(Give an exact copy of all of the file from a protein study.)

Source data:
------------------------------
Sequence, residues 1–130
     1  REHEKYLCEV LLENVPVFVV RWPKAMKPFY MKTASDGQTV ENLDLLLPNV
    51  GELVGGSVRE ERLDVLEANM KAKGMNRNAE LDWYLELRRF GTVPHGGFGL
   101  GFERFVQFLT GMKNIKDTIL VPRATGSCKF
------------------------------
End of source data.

Sequence, residues 1–130
     1  REHEKYLCEV LLENVPVFVV RWPKAMKPFY MKTASDGQTV ENLDLLLPNV
    51  GELVGGSVRE ERLDVLEANM KAKGMNRNAE LDWYLELRRF GTVPHGGFGL
   101  GFERFVQFLT GMKNIKDTIL VPRATGSCKF